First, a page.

Don’t bother trying to raise a family in Sydney


The NSW Productivity Commission reported in February that high housing costs are driving young families out of Sydney, causing a “brain drain” among 30-40 year olds:

Sydney net migration

The NSW Productivity Commission found that Sydney lost around 35,000 residents aged 30 to 40 between 2016 and 2021.

The NSW Productivity Commission blamed a “lack of supply” and restrictive zoning as the main drivers of Sydney’s housing crisis.

“Sydney is at risk of becoming “the city with no grandchildren”, the NSW Productivity Commission’s head, Peter Achterstraat warned.


“If we don’t act, we could become a city with no grandchildren”.

“About a quarter of residential-zoned land within 10 kilometres of the CBD is subject to heritage protection restricting redevelopment”, the report claimed.

Hilariously, a new report shows that in the mad rush to plaster Sydney with high-rise apartments, the city has been left with a dearth of family friendly homes:


A chronic shortage of family-friendly apartments in Sydney is fuelling calls for the Minns government to mandate quotas for three-bedroom housing in the suburbs targeted for medium and high-density unit blocks.

Domain sales data shows fewer than one in 10 units recently sold in the Inner West and Canterbury-Bankstown, two of the Transport Oriented Development (TOD) program’s target areas in Sydney, had more than two bedrooms.

Philip Oldfield, the head of the University of NSW’s school of built environment, said Sydney’s planned housing largely ignored the needs of families, who make up 25 per cent of apartment dwellers.

“This mismatch needs to be tackled, or we face limiting opportunities for families with children in many of our neighbourhoods,” he said, expressing concern families were being forced to move away from transport hubs, increasing lengthy commuting and congestion…

Domain data shows available three-bedroom units are scarce in some of these areas. In Inner West Council, only 6.1% of units sold between April 2023 and March 2024 had three bedrooms. The figure was 8.9% in Canterbury-Bankstown.

Meanwhile, the actual cause of Sydney’s housing crisis and the exodus of families continues unabated.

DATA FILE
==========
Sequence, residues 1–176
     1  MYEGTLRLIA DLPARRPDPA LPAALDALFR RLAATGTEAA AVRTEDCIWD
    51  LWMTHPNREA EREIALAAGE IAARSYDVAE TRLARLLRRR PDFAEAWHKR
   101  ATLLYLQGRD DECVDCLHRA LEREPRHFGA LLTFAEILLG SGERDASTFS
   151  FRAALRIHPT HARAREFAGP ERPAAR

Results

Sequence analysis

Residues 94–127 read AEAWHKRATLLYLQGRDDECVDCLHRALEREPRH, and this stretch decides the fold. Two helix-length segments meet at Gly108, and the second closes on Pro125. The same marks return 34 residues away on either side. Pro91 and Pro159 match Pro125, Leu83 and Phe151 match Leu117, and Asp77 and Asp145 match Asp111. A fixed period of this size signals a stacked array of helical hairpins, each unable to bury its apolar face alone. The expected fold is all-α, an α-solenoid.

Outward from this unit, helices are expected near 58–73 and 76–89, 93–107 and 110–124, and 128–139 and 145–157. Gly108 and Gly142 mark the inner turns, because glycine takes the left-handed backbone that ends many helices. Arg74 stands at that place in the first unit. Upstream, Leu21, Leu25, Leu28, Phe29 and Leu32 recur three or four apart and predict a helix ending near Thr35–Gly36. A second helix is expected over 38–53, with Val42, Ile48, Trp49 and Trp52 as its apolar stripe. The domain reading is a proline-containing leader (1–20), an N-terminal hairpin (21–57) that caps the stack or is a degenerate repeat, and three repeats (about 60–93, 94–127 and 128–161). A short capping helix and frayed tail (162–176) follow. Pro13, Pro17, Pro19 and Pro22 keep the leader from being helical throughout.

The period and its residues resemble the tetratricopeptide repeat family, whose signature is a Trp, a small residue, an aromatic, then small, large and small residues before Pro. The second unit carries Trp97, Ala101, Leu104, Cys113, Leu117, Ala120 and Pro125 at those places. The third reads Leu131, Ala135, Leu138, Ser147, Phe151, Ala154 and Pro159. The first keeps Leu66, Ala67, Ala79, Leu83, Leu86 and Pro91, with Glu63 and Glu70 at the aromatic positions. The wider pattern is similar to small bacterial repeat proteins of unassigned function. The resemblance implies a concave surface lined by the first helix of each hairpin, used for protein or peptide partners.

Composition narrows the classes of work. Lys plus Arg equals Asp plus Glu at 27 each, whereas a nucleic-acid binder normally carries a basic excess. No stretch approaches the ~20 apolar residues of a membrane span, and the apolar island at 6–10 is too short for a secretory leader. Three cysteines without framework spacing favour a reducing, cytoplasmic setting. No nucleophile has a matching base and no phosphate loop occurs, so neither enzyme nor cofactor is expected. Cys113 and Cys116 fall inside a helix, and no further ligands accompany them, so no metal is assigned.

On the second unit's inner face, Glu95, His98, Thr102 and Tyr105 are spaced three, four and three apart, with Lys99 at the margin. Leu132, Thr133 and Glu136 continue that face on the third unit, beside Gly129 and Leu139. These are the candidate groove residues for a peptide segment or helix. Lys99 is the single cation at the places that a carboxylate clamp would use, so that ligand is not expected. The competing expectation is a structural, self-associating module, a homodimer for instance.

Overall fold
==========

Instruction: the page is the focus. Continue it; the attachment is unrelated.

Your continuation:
The Australian Bureau of Statistics (ABS) population data for the 2022-23 financial year revealed that 38,425 residents left Sydney over the year:

Sydney population change

However, the loss of 38,425 incumbent residents was dwarfed by the record 156,616 net overseas migrant arrivals, in addition to natural increase of 28,511.

The extreme immigration that Sydney has seen this century has contributed to the exodus of residents interstate.

Since 2001, Sydney’s population has increased by 1.35 million people, nearly entirely due to net overseas migration:

Sydney's population

This population boom has coincided with Sydney residents being shoe-horned into high-rise apartments rather than houses:

Sydney dwelling structure

Source: Ben Phillips (ANU)


This metamorphosis into a high-rise city is expected to continue as Sydney’s population increases to nearly nine million people by 2060:

Sydney dwelling composition by 2057

So, basically, young Sydney people are confronting growing housing costs while living in smaller residences, mostly two-bedroom high-rise apartments.


No wonder young families are departing in droves.

As long as Sydney’s population continues to grow rapidly through mass immigration, the city’s shortage of family friendly homes will intensify alongside rising prices and rents.

This will drive more young, incumbent families out of Sydney.

Meanwhile, politicians and policymakers will continue to blame the problem on a ‘lack of supply’ while they continue to import migrants in large numbers into Sydney (and Australia).

About the author
Leith van Onselen is Chief Economist at the MB Fund and MB Super. He is also a co-founder of MacroBusiness. Leith has previously worked at the Australian Treasury, Victorian Treasury and Goldman Sachs.